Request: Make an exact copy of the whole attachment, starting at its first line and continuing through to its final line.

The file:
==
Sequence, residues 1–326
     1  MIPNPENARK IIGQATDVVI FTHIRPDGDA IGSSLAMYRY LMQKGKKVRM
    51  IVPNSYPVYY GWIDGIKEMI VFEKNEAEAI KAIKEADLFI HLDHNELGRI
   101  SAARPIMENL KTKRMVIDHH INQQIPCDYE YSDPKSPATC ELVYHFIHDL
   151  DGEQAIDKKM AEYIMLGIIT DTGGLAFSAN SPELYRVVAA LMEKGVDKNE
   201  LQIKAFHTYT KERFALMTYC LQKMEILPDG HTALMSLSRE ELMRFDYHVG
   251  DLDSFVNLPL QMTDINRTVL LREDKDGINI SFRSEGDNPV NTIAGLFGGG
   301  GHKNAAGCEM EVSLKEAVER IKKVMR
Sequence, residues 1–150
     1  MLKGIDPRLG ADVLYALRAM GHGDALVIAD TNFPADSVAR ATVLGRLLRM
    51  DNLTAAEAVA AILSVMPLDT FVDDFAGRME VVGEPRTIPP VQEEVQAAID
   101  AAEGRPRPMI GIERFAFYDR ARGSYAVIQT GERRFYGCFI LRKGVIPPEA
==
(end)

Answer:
Sequence, residues 1–326
     1  MIPNPENARK IIGQATDVVI FTHIRPDGDA IGSSLAMYRY LMQKGKKVRM
    51  IVPNSYPVYY GWIDGIKEMI VFEKNEAEAI KAIKEADLFI HLDHNELGRI
   101  SAARPIMENL KTKRMVIDHH INQQIPCDYE YSDPKSPATC ELVYHFIHDL
   151  DGEQAIDKKM AEYIMLGIIT DTGGLAFSAN SPELYRVVAA LMEKGVDKNE
   201  LQIKAFHTYT KERFALMTYC LQKMEILPDG HTALMSLSRE ELMRFDYHVG
   251  DLDSFVNLPL QMTDINRTVL LREDKDGINI SFRSEGDNPV NTIAGLFGGG
   301  GHKNAAGCEM EVSLKEAVER IKKVMR
Sequence, residues 1–150
     1  MLKGIDPRLG ADVLYALRAM GHGDALVIAD TNFPADSVAR ATVLGRLLRM
    51  DNLTAAEAVA AILSVMPLDT FVDDFAGRME VVGEPRTIPP VQEEVQAAID
   101  AAEGRPRPMI GIERFAFYDR ARGSYAVIQT GERRFYGCFI LRKGVIPPEA